Inside the Head of Bruno Schulz, by Maxim Biller

What would the inside of a writer’s mind look like? I’ve had this thought before, usually about mystery writers. But I’ve seen anyone write the answer to that question until I read Maxim Biller’s brief novella, Inside the Head of Bruno SchulzSchulz was an actual writer. He was killed by a Nazi outside of the Drohobycz ghetto in 1942. Only a few of his works were published before his death. (One of his stories, “Cinnamon Shops,” is reproduced in this volume.) Schulz’ work shows a strong streak of surrealism and, in the two stories included in this edition of Inside the Head of Bruno Schulz by Puskhin Press, feature characters are obsessed with something to the point of dissociation from what’s happening in the world around them.

It’s fitting, then, that Inside the Head of Bruno Schulz follows the same pattern. Schulz in the novella is writing a letter to Thomas Mann, to let the Nobel winning author know that an imposter-Mann has turned up in Drohobycz. This imposter is gauche, violent, and thoroughly spoiling Mann’s reputation. He’s not well, in any sense. Schulz’ loose grip on reality makes it hard to understand what’s really happening. As Schulz writes, he is occasionally distracted by his sister, birds at his skylight, and the voices of children—which appear to becoming from a pair of birds on the desk.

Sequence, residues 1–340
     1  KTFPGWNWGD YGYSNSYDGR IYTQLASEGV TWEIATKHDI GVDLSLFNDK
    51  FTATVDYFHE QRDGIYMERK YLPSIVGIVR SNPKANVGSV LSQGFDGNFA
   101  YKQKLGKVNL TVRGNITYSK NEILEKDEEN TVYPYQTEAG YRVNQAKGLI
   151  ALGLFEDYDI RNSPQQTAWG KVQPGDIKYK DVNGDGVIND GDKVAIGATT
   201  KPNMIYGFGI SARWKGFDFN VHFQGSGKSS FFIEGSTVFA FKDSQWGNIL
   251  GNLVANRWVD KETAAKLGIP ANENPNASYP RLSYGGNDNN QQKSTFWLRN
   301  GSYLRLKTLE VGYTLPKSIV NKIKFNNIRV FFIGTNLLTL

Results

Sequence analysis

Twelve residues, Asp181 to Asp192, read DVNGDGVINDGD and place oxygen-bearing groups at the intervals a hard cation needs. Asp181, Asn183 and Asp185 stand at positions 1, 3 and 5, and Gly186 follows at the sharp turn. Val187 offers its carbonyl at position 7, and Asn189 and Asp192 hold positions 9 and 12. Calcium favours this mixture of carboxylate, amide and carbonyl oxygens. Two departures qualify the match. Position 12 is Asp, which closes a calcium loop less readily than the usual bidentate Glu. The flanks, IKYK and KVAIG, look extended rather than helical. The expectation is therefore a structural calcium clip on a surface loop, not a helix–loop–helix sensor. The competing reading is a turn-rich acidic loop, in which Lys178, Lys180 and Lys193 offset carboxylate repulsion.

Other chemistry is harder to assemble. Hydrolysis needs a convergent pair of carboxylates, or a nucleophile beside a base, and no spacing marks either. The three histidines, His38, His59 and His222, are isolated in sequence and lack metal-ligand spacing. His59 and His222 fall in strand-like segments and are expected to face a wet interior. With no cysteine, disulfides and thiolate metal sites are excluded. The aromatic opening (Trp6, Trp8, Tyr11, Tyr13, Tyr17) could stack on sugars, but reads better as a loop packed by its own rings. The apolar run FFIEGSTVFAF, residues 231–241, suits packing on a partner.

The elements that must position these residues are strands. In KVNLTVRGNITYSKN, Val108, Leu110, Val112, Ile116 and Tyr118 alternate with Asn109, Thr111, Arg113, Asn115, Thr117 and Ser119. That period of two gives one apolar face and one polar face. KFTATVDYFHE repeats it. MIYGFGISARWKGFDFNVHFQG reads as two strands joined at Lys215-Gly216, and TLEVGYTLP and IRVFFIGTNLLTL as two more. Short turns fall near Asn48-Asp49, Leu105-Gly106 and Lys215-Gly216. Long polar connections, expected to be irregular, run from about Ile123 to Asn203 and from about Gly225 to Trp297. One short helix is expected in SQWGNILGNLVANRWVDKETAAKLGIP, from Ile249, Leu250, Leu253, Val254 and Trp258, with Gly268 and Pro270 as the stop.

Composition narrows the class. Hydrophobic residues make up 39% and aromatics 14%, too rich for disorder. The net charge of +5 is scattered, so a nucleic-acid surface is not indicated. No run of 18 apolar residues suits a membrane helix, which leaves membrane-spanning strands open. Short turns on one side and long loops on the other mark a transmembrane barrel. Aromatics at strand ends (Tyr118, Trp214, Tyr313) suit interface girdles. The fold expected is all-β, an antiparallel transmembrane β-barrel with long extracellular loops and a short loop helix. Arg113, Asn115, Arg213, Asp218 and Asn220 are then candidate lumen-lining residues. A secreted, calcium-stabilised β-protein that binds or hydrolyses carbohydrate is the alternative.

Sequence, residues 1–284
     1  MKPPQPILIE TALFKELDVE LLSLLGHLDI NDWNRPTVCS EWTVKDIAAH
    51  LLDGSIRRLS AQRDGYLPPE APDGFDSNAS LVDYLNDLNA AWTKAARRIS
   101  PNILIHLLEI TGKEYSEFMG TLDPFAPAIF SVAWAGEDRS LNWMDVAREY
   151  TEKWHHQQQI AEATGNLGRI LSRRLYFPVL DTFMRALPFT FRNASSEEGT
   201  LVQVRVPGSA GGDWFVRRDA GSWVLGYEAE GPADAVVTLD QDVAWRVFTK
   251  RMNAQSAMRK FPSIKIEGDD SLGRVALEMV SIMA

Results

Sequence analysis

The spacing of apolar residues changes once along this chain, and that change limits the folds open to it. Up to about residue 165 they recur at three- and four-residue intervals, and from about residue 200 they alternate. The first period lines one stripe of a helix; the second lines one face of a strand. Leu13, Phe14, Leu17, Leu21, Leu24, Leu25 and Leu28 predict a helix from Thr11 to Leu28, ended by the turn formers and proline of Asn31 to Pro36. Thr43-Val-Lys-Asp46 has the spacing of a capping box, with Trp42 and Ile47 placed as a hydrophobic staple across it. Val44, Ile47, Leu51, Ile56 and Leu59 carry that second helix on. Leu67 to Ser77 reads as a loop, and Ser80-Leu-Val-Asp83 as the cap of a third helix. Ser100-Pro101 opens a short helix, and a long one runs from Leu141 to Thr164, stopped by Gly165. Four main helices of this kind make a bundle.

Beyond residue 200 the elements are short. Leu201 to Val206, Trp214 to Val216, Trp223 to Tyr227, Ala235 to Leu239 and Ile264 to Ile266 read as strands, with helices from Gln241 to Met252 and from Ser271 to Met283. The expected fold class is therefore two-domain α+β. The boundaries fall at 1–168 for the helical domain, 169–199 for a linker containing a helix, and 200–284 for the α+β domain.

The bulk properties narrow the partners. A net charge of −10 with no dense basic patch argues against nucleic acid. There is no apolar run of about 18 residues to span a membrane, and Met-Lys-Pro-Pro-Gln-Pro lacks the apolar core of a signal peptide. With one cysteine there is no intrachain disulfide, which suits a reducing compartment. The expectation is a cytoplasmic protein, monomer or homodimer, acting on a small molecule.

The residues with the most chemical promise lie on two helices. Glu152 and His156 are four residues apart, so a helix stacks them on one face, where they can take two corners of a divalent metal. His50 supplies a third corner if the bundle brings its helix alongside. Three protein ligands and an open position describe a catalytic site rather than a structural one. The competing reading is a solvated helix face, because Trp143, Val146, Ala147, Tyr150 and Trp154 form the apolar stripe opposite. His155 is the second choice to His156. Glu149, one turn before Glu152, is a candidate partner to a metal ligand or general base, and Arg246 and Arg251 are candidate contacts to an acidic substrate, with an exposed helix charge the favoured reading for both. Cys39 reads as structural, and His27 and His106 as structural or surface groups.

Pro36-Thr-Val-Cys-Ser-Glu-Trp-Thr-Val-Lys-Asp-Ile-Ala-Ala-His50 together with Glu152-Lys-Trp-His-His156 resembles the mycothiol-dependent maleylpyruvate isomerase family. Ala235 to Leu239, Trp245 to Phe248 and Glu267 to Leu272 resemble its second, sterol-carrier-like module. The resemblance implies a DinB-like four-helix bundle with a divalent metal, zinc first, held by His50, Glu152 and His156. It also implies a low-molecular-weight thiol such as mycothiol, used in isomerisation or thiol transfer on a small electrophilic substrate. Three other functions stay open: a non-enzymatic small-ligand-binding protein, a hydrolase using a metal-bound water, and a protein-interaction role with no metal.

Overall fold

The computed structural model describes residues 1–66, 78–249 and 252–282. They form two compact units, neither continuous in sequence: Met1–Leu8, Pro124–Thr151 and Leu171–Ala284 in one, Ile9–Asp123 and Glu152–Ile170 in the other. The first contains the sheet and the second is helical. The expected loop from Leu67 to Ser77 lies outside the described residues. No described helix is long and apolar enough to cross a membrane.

There isn’t much plot to Inside the Head of Bruno Schulz. What action there is comes from episodes Schulz (as character) puts in his letter to Thomas Mann. Again, it’s hard to know if the things Schulz saw really happened, or happened the way he said they did. I suppose this is fitting for a psychological exploration inside the mind of a surrealist.

I did read the two stories included in this volume, “Birds” and “Cinnamon Shops.” Only after I read these stories did I understand (a little better, anyway) what Biller was up to. In “Birds,” the father of the family keeps exotic birds in the family attic, obsessing over them while missing everything that’s going on around him. Eventually, his daughter retaliates by releasing all the birds. The old man is shattered. Reading this right after Inside the Head of Bruno Schulz, I pictured an author who wants to dream his dreams. The war and the Holocaust made it impossible for Schulz (the character, not the man himself) to either stay in his world or to stay in that world and keep his sanity.

This is a very unsettling collection of stories.

I received a free copy of this ebook from NetGalley, in exchange for an honest review. It will be released 13 October 2015.


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